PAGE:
Film Scanning Technique 101

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In this audioblog I present a philosophy of scanning film based on the understanding that in the end photographers make prints and our entire process from film capture to scan to Photoshop to printer is all based on making prints. I outline in detail techniques and settings which will apply to most scanners and will help you get the most of your film and scanner combination. This is a very long audioblog- 27 minutes- and as such have paper and pencil ready, as you won’t want to listen to my voice for this long twice!

Full Process Example Image


Yellow Spring, Vermont. 2009

This recent artwork of mine is a good example of the process outlined in the audioblog. I started with Kodak Ektar 100 film (35mm)- I’ve tested this film and understand how to get the most out of it in a variety of different lighting situations. The camera was my Leica M7 with a 28mm Zone Plate, and the image was made using my Overlapping Frame Panoramic Technique outlined here on FR. After processing (C41) the negative was scanned dry on my Imacon at 4000 optical dpi, 16 bit as an RGB positive, with miminal sharpening and dust removal. All other editing and contrast adjustments were done in Photoshop.  My chosen Photoshop color working space as well as the scanning color space?sRGB.

Final thought

Knowing the real limits of your workflow, technology and skill level and having a clear understanding/ feeling for your visualized final print helps make the entire process a very fluid and creative endeavour. Test first and remember: experimentation is key!

Viva la Revolution- Stephen

UPDATE: 5.16.09

Link to BETA RGB:

Click on Info, then click on Beta RGB: A New Working Space Proposal… the BETA RGB download if found on this page… spend some time on this site as it is a wealth of knowledge.

12 thoughts on “Film Scanning Technique 101

  1. I think you should make an additional podcast about your ways of post processing that scanned positive of negative in Photoshop.

    You talked about rather obivious things, similarly to other stuff about scanning… resolution…sharpening…ble ble ble.

    Heyyy let’s talk about scanning seriously! The fact is that all scanning software is just a $#@!, it is like shooting in jpegs.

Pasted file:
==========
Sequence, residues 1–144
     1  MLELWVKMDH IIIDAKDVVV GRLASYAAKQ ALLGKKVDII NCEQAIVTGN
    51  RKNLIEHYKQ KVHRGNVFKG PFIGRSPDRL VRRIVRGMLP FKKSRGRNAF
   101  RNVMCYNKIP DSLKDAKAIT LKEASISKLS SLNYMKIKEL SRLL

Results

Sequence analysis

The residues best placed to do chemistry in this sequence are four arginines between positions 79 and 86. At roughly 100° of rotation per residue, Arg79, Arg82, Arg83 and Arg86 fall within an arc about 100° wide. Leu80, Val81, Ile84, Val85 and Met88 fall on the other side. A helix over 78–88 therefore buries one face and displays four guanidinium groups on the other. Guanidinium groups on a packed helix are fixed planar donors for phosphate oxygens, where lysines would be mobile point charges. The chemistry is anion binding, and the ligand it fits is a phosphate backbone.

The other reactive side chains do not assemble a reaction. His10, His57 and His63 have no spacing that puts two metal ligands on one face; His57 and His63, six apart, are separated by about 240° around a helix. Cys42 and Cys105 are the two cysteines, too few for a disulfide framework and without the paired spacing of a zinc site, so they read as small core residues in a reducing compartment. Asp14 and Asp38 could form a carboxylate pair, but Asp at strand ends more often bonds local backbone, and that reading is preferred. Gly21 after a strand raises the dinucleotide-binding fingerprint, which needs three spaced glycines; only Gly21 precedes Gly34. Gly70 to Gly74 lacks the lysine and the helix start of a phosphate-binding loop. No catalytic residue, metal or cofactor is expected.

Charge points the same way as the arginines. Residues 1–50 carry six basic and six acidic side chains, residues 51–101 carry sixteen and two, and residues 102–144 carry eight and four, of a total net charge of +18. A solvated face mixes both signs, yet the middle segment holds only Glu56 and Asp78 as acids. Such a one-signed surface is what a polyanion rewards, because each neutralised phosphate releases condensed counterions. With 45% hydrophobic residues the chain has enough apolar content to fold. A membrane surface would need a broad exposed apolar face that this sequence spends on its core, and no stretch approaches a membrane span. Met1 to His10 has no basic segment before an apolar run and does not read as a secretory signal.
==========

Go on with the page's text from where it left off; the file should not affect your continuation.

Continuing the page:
If you want to get a nice tonality and colours you need to do everything manually in Ps. You said that, but it was not enought.

    Inverting a negative is a big deal and I think the way of doing that we can call the art of scanning.

    B&W is easier, but what about a colour negative? Orange mask? After inverting we get a blue colored image. How you deal with that? I’m sure you don’t spend 2 hours at every frame correcting it individually. You must have your own technique in PS!!! Share it with us!!!

    1. Jack-

      1. I will put on the list a post on working on a scanned positive in PS.
      2. I disagree that most scanning software is $#@!… most people just don’t use it right or over use it and expect miracles with the push of a button.
      3. If you follow my outline and open in PS and hit auto color, auto contrast and auto levels I think you would be amazed… this is not what I do nor suggest doing but the tech outlined does produce a scan that makes sense to PS in most cases.
      4. Inverting the negative can be a “big deal” but the art of scanning in my opinion is seeing the whole negative (something which is based for a large part on experience) and capturing the full expressive range for use in PS- the inverting is just one part.
      5. The Orange mask is a big issue with some films but not all films. I will outline my technique when I do the post I mentioned in #1.


  2. ahhh!! u missed out the link i’m looking forward to see. the link about scanning oil mounts on a flatbed scanner. But it’s okay, no rush. post it while you free k!


  3. Nice audioblog indeed, agree with Jack re: Another 1 on processing scanned positives in PS, look forward to that. Many thanks yet again for your time & efforts!

  4. Your observation about the “operator” was spot on. A lot of effort in learning what works best for you will go a long way to getting good scans. And I think you provided a good foundation for people to start.

    Thanks for putting forth the effort in getting information like this out there.

  5. I am dying to hear this blog but after at least twenty attempts, it will not load/save. any chance of uploading to itunes?

  6. Dear Stephen-

    Thank you for that audio-blog most informative & very educational. Thanks!

    Question? What is your opinion on the setting “UNSHARP MASK” on my EPSON V750-PRO flat-bed scanner when scanning B&W 35mm negs like Tri-X, T-Max, (v.2), or Kodak BW400CN/C-41?

    Would you recommend to ENABLE, or DIS-ABLE this setting on my Scans?

    Thanks again!


    DM Brown

    1. I’d use as little as possible… just enough to correct for the loss in sharpness due to analog to digital conversion… if no sharpening is ok then go with that but I suspect you will need just a little.

  7. Dear Stephen,

    It is possible to tell something about how to deal with the orange mask when scanning color negatives as RGB positives?


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